Realistically, it’s just a case of making sure your article looks more interesting than all the others, and I’m sure we’d all love to think it was as simple as that. Unfortunately, it’s not. Your article remains a needle in a haystack, and it’s your job to make sure it reaches the eyes and ears of every single industry-related party and all the genre-disinterested browsers it can. It’s a tough gig but there are possibilities you may have overlooked, and of course, contraversial strategies you may be using that are, much to your shock, having the opposite effect.

Bigger than Elvis

So, say you’ve written a long, sprawling article on SEO, and it encompasses research, interviews, and a level of writing rarely seen since The Guardian was released that morning. You’re happy with the work, MS Word is letting it go without so much as a single squiggly red or green line, and you’re so into your own work that sharing it with the world seems like the only viable option. So where to go from here? Why, to an aggregate site, of course!

Let me explain this logic with a sobering fact. If you’re blogging, right now, on a WordPress.com account, there are over 300’000 new posts today alone. That’s somewhere in the region of thirty new books full of articles, and you know at least one of them is likely to be similar to yours over the course of the week. Three hundred thousand. Let that sink in for a moment. What chance does yours have, even with tags and that awesome graph you made in Excel? Not many. In fact, one of my highest-traffic articles of all time on my personal blog was a random rant about a LEGO version of a Harry Potter videogame. A year or more later, and it’s ranked thousands of hits, and it was never submitted.

The point I’m making is that the internet is a seriously fickle thing. Take a look at the front page of Digg and tell me what you see. Today, for example, there are a range of articles, but most of them focus on three key elements of global-appeal news: danger, drama and pictures. If we drift into the technology section, as this is where you’re far more likely to turn up (or browse – all news bar the exclusive is, to some degree, regurgitation), then we begin to see a different pattern: humour, heated debate, and leaked intel on new tech. The reason the pattens change is because as news and articles become more specialist, more niche, readers are absorbing writing whose mindset, tone and texture more closely reflect their target audience.

I’d just like to say a few words

Every time you write a new article, think of how you’d pitch it as a freelance piece. I’m serious. I know no one wants to voluntarily pitch freelance pieces ever again if they can avoid it, as it’s something of a humiliating, degrading, grinding process that kills the soul and maims the ego. But it’s also a brilliant acid test – if you could pitch your article to me in ten words, using as much or as little jargon as possible, I can tell you whether or not it’ll work. Let’s take a look at a few high-ranking examples of more opinion-based pieces.

Now, to start with, I found an article that I think is relevant to anyone who works on websites that use Adobe’s wonder-project, Flash. The title is “Is Flash Dead? The Future of Adobe’s Plug-In.” Now, this is a fairly controversial thing to say, but what’s clever is the question mark placed after the opening statement itself. This is key – if you’re debating something about social media, and you had the choice between “Twitter is Pointless” and “Is Twitter Pointless?”, choose the second option. The reason for this is you’re posing as a neutral party, even if this isn’t the case. The decision as to whether or not to invest ten minutes reading an article of considerable depth and debate, and then responding in the comments thread, is often one made in the opening few moments of reading an article’s title and subtitle. By phrasing the controversial statement as a question, it invites debate without inviting wrath or apathy and zero click-throughs from offended parties who see you as a prejudiced commentator.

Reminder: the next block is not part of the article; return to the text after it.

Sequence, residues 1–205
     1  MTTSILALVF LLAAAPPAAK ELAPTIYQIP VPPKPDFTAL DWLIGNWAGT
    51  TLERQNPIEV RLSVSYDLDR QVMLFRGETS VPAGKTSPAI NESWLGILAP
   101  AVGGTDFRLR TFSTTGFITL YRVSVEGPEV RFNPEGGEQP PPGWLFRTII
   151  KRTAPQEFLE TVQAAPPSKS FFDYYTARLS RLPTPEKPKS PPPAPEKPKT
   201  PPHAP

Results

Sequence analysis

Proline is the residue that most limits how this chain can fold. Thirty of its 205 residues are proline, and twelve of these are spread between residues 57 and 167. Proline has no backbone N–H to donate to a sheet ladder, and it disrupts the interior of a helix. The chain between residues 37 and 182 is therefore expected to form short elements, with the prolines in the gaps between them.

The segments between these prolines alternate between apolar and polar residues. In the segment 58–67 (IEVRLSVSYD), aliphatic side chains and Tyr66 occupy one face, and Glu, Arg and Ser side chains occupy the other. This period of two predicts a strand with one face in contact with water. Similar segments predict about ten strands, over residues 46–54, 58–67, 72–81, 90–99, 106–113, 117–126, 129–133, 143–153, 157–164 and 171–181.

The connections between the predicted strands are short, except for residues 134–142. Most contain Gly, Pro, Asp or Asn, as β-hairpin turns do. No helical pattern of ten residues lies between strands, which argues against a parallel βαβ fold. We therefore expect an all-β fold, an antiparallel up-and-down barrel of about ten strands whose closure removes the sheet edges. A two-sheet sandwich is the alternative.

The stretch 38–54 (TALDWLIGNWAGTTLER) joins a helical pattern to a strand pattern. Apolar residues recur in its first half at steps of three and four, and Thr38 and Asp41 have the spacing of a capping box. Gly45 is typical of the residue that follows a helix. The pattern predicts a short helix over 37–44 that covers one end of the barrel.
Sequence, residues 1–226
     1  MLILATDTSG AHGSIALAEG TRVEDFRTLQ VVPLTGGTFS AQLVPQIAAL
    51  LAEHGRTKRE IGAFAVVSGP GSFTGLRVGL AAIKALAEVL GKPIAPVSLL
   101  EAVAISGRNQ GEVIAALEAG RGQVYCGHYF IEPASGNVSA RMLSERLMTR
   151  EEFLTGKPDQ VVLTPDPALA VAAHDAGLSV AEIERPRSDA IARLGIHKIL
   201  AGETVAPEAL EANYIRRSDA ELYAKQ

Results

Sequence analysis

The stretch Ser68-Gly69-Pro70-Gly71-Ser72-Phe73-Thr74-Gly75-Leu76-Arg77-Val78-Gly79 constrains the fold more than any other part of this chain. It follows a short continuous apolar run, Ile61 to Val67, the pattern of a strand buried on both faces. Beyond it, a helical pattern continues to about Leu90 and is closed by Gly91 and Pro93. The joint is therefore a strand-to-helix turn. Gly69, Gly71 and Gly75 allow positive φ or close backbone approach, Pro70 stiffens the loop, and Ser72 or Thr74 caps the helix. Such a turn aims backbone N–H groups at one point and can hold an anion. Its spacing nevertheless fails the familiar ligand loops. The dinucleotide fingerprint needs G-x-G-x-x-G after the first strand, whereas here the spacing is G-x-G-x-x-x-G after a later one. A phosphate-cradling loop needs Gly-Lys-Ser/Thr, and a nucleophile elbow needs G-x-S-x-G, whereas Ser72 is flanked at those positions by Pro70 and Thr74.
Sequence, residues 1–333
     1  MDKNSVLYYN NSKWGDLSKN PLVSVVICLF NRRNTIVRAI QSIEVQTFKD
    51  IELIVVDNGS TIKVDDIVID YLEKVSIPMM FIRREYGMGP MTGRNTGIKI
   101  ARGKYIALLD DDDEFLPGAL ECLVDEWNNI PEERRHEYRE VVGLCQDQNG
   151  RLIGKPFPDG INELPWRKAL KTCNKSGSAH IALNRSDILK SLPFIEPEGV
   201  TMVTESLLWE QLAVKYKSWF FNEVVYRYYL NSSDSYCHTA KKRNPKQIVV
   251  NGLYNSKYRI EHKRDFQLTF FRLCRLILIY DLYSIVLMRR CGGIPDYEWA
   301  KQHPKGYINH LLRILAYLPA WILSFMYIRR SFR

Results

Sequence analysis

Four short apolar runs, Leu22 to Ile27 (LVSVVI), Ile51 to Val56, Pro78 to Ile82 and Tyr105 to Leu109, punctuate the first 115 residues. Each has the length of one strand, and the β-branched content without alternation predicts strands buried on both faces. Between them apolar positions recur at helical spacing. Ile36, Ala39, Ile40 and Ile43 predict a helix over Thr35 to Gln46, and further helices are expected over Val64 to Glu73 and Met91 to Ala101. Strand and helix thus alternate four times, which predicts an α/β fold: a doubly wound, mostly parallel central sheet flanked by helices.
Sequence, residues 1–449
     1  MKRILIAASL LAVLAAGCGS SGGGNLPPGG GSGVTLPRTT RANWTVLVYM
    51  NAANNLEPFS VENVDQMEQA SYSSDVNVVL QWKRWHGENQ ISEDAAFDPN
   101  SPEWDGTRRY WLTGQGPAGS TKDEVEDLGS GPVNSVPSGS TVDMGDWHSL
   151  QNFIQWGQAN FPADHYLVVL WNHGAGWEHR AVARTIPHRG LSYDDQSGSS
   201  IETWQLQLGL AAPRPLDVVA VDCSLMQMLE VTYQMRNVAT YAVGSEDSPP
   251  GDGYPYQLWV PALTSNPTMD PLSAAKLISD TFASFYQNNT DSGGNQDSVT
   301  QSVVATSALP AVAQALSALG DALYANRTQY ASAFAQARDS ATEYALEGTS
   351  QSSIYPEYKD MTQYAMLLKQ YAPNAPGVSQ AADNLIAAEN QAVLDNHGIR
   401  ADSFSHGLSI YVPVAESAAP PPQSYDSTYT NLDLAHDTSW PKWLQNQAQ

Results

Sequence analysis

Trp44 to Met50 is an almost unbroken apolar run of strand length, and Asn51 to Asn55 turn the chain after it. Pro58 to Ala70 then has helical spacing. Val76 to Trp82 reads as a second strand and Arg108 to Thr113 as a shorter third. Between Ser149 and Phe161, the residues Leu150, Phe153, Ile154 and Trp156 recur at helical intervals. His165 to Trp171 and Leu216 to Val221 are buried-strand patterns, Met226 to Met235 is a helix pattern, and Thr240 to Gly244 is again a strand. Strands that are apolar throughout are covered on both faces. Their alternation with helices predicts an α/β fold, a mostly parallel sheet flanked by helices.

The second example I’d like to give as a great example of effective aggregate-site-management is “Fortune 100 Companies Leveraging Social Media (Infographic)“. Now, this may seem a tad deep and a little too serious, but this is currently the top Digg article on a search for “social media”. Social media’s a relaxed sport, at best, and not something you can cover without being a little relaxed. This is also a graph site, which suits that industry perfectly – anyone using FaceBook and Twitter is going to want new-age ways of communicating information, and nothing does this better than indicating to them that all they’re in for is a slick diagram rather than 1000 words of prosaic musing on the subject.

It also has stick figures.

Seriously, though, it’s a great way of dragging people in. Entertain them. Tempt them. Make them curious or make them mad, and let them click through to shower you with praise or hatred. One of the most irritating sites in the universe, in my games journalism days, was also one of the most successful, because it kept encouraging heated, angry debate between Sony loyalists and Microsoft fan-soldiers. With social media, why not talk about the advantages of Twitter over Facebook, or why Bebo’s a lost, pointless art? Tempt them in with your tag-line the same way you would if you were designing a film poster, and watch your Diggs soar.